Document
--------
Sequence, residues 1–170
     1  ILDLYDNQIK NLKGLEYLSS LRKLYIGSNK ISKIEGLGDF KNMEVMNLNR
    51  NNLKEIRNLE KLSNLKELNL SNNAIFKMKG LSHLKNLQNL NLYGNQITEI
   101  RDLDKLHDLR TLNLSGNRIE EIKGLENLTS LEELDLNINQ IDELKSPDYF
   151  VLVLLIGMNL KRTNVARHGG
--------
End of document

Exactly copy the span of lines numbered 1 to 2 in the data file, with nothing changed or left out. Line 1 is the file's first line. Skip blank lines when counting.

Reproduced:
Sequence, residues 1–170
     1  ILDLYDNQIK NLKGLEYLSS LRKLYIGSNK ISKIEGLGDF KNMEVMNLNR